IS regrouping in Afghan-Pakistan border
Local leaders in Pakistan and Afghanistan say they are seeing a resurgence and regrouping of Islamic State fighters in the Afghanistan-Pakistan border region. Afghan forces, aided by US bombers, reportedly intensified attacks on remote mountainous IS positions Tuesday. More than two dozen IS fighters were killed in air raids in the Achin and Kot districts, according to a spokesperson for the provincial governor and the Afghan defense ministry.
Afghan and US coalition forces recently cleared many areas of IS militants in a number of districts in eastern Nangarhar province. But IS has recaptured several remote villages in Achin and Kot, which border Pakistan, tribal leaders told VOA. “The government has not built any check posts in remote areas that lie far from the district center, and people in those areas live under IS control,” Malek Kamin, a tribal elder in Achin, told VOA. VOA
Obama, Ban call to help solve refugee crisis
Syrian refugee Yusra Mardini, a member of the refugee Olympic team, introduced Obama. She told her family’s story, saying they were refugees on a boat, and that when the engine failed, she and others had to get out and pull the boat by swimming. Just a year later, Mardini said, she had the chance to compete in the Rio Olympics on the refugee team. She offered this message: “It is not a choice to flee from your home. … Refugees can achieve great things if given the opportunity.”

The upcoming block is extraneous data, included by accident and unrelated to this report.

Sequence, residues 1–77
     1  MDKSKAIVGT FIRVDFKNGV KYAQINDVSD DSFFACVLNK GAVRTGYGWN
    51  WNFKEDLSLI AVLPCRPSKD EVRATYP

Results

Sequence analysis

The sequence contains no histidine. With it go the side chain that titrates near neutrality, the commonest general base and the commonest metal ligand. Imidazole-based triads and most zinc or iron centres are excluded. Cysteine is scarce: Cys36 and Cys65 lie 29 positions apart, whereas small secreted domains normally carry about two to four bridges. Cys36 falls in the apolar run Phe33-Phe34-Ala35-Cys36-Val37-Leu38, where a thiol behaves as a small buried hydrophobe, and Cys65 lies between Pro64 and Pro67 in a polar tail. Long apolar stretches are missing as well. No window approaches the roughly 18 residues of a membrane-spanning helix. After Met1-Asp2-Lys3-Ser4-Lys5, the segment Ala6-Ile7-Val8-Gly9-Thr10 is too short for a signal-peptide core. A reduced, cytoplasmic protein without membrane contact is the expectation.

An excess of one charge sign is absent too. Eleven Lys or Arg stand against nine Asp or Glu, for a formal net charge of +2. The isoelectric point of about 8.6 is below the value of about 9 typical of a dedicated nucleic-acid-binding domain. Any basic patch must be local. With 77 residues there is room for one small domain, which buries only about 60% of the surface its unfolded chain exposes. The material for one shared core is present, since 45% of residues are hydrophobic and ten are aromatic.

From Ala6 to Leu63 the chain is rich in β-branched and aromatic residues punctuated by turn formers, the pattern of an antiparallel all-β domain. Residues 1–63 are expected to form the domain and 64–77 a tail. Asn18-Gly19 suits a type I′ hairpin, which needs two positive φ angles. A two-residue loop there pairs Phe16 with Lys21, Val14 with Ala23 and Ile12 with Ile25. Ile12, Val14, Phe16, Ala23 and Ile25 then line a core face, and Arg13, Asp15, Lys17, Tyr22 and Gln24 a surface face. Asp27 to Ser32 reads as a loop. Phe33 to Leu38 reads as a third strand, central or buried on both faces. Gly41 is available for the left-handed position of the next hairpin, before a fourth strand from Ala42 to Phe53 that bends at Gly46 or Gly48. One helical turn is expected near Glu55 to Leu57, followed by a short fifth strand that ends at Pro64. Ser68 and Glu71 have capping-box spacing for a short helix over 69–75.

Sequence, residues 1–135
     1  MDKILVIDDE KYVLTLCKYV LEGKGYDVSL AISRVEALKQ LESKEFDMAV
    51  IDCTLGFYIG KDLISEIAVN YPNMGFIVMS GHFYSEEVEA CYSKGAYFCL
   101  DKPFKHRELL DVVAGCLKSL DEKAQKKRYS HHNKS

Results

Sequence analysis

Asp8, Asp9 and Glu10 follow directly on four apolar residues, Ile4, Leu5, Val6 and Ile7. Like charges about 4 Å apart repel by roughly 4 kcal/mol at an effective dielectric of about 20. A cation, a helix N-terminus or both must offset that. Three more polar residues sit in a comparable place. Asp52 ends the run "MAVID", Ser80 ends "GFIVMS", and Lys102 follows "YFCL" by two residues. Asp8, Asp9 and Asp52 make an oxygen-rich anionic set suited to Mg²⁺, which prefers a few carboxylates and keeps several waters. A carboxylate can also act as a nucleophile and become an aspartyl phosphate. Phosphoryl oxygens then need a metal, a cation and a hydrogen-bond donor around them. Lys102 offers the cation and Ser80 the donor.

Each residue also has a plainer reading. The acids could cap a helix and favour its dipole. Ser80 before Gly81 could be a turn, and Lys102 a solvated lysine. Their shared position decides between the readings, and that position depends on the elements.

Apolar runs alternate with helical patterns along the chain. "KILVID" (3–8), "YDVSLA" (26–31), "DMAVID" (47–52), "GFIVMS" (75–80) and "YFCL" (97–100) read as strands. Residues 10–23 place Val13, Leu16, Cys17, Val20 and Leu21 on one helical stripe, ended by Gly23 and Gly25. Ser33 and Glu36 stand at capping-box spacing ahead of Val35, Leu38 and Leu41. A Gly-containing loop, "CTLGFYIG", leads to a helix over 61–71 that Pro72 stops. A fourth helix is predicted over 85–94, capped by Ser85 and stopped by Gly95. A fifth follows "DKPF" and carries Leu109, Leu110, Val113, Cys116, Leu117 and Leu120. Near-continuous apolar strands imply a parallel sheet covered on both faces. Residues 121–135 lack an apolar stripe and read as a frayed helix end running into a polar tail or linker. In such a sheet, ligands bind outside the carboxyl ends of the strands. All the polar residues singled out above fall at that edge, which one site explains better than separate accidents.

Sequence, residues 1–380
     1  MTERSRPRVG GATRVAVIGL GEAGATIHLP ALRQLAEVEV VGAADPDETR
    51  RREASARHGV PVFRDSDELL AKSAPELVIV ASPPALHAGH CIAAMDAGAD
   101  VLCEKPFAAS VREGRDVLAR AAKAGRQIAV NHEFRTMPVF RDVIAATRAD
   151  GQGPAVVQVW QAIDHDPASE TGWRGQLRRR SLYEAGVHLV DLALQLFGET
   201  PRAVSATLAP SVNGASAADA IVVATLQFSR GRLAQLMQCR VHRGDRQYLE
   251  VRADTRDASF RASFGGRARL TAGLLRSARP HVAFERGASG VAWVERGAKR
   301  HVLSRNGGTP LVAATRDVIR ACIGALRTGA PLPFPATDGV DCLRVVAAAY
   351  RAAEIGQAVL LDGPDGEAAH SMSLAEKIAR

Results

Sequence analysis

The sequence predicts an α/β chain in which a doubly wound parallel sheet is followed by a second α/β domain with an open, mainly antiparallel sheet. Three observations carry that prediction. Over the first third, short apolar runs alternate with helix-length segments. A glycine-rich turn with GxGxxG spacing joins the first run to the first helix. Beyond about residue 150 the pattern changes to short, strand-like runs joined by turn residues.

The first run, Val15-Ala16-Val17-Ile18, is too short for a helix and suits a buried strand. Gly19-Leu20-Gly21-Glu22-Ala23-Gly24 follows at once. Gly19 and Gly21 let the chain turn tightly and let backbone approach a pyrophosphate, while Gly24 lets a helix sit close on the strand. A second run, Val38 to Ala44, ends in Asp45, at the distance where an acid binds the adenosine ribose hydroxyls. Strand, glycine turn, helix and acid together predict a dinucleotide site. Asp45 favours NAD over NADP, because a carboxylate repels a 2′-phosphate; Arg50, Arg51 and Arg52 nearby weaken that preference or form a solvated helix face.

The president said the worst global refugee crisis since World War II is a test of the international community’s ability to stop conflicts. He implicitly rejected criticism by Donald Trump and Republican leaders in Congress. Many Republican leaders have called for a halt to the admission of refugees from Iraq, Syria and other countries embroiled in conflict, saying they pose a security threat. “To slam the door in the face of these families would betray our deepest values,” Obama said.